Cullman Regional Medical Center Endoscopy Services provides multiple tests and services related to the Gastrointestinal System. In order to help you understand your procedure, we have provided a brief description of the procedures available below.
Colonoscopy is an outpatient procedure in which your large bowel (colon and rectum) is examined. Your doctor may perform the procedure to diagnose and treat, when possible, certain diseases of the lower gastrointestinal (GI) tract. A colonoscopy may be use to evaluate many problems, including abdominal pain, anemia (low red blood cells), blood in the stool, change in bowel habits, screen for colon cancer or due to unexplained weight loss.
An EGD is an examination of the lining of the esophagus, stomach, and upper duodenum with a small camera (flexible endoscope) which is inserted down the throat.
Is a routine outpatient procedure in which the inner lining of the lower large intestine is examined. Flexible sigmoidoscopies are commonly used to evaluate gastrointestinal symptoms, such as abdominal pain, rectal bleeding or changes in bowel habits.
Bronchoscopy is a procedure that allows your doctor to look at your airway through a thin viewing instrument called a bronchoscope. Bronchoscopy may be done to diagnose problems with the airway, the lungs, or with the lymph nodes in the chest, or to treat problems such as an object or growth in the airway.
Electromagnetic Navigation Bronchoscopy™
A minimally invasive procedure that uses CT-guided needle biopsy. This procedure allows physicians to navigate and access difficult-to-reach areas of the lung from the inside. The system uses CT scan images to create a roadmap of the thousands of tiny pathways inside the lungs. The LungGPS technology then provides a roadmap that allows physicians to guide tiny tools through the lung pathways so they can take tissue samples of the lesion and place markers for future treatment.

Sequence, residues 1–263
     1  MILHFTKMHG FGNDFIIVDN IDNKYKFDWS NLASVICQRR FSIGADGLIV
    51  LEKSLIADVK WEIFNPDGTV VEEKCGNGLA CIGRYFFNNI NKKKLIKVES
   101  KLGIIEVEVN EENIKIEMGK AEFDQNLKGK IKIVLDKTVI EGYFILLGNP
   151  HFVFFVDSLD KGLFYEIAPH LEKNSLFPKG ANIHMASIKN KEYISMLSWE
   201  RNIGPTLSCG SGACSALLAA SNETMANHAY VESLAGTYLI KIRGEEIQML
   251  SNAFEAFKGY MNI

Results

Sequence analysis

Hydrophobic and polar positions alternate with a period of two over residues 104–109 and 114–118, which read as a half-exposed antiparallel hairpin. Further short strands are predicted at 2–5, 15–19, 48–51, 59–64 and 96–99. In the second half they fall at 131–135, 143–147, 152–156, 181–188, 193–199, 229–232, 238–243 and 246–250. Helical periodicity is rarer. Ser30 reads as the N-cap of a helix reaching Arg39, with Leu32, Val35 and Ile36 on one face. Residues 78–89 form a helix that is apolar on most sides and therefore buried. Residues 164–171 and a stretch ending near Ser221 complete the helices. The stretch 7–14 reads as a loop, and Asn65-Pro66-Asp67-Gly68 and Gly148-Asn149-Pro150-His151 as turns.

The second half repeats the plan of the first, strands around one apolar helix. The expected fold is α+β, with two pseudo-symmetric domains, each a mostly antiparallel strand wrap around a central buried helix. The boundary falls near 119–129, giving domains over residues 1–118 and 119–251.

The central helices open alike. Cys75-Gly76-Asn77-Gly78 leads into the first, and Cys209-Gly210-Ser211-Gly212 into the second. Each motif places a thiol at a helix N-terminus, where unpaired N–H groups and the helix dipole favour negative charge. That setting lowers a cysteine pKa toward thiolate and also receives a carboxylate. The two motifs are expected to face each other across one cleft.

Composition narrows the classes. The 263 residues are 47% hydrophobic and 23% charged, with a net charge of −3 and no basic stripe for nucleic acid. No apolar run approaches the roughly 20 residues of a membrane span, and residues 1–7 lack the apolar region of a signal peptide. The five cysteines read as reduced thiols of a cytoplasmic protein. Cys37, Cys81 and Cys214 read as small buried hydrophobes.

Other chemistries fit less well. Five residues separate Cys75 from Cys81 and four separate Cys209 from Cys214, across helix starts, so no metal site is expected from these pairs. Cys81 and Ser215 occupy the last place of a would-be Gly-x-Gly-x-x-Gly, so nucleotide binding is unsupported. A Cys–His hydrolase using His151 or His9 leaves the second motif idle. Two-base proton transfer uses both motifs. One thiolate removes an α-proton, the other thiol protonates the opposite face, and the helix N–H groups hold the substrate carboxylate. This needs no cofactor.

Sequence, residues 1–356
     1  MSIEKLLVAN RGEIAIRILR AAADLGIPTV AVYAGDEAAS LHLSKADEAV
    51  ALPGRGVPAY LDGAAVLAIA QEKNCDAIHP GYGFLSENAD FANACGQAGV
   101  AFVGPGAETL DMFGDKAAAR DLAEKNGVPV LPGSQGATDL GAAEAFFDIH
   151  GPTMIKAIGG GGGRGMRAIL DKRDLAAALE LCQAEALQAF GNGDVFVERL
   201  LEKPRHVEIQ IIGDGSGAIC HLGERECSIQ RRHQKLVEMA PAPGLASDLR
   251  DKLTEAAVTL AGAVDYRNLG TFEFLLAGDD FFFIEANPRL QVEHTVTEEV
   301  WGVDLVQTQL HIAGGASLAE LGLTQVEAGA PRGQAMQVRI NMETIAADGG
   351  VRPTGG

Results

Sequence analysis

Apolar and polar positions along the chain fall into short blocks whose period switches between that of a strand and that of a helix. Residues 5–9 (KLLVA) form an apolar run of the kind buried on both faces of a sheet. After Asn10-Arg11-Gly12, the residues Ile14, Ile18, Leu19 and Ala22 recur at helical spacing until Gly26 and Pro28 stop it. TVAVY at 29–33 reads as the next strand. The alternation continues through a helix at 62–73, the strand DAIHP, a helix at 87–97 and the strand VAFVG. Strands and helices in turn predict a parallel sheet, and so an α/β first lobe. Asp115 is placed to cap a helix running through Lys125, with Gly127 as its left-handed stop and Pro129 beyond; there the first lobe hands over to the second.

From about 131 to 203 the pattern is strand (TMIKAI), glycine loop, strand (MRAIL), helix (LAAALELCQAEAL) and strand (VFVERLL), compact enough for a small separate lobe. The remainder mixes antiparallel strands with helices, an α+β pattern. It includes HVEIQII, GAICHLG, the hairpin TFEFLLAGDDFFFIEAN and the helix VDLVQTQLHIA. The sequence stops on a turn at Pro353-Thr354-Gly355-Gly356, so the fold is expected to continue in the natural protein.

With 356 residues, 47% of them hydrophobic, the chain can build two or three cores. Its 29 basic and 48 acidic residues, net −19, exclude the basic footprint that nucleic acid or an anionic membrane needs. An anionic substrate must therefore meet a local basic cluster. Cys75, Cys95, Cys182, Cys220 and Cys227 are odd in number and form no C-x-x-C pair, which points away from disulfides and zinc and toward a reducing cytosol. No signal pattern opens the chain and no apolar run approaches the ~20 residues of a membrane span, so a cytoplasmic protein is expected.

The Bravo® pH is a catheter free way to measure pH. This is a test for people with chronic heartburn. The results will tell your doctor what is causing your symptoms and what the best treatment for you is. It involves a capsule, about the size of a gel cap. It is temporarily attached to the wall of the esophagus. It transmits readings via a telemetry unit that can be attached to your belt similar to a beeper.
PEG (Percutaneous Endoscopic Gastrostomy) Tube
A Percutaneous Endoscopic Gastrostomy tube, or PEG tube, is also called a feeding tube. One end of this flexible silicone tube sits inside the stomach and is held in place with a balloon like tip, and the other end is taped to the skin outside. The PEG tube may be used to feed you, or to give you medicine or liquids for a period of time. It does not always have to be permanent or the only source of nutrition.
Esophageal dilation is a procedure that allows your doctor to dilate, or stretch, a narrowed area of your esophagus [swallowing tube]. The most common cause of narrowing of the esophagus, or stricture, is scarring of the esophagus from reflux of stomach acid occurring in patients with heartburn. Patients with a narrowed portion of the esophagus often have trouble swallowing; food feels like it is “stuck” in the chest region, causing discomfort or pain.
Variceal Banding or Injection
These procedures are done to prevent esophageal varices from bleeding. Bleeding esophageal varices are life- threatening and must be treated immediately.
- Variceal banding uses elastic bands to tie off bleeding veins. During variceal ligation, your doctor uses an endoscope to snare the varices and wrap them with an elastic band, which essentially "strangles" the veins so they can't bleed.
- Variceal Injection injects a solution into bleeding veins. In a procedure called endoscopic injection therapy, the bleeding varices are injected with a solution that shrinks them.
Endoscopic tattooing helps to identify small colonic lesions, especially in laparoscopic surgery.
Endoscopic Retrograde Cholangio-Pancreatography (ERCP)
An ERCP is a test that combines the use of a flexible, lighted scope (endoscope) with X-ray pictures to examine the tubes that drain the liver, gallbladder and pancreas.
During an esophageal stent placement procedure, a tiny tube known as a stent is placed at a point of narrowing or blockage to open up the esophagus to help the patient swallow or drink more easily. These tubes are made out of polyester(plastic), nitinol(metal) or hybrid material. Stents may be used to treat patients suffering from a refractory benign (non-cancerous) or malignant (cancerous) disease.